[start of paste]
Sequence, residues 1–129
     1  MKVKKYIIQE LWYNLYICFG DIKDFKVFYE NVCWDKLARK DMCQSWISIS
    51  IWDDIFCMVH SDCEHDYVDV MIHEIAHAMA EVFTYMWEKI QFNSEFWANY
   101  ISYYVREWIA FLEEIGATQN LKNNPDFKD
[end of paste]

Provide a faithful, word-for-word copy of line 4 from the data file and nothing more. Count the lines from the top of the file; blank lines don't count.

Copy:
   101  ISYYVREWIA FLEEIGATQN LKNNPDFKD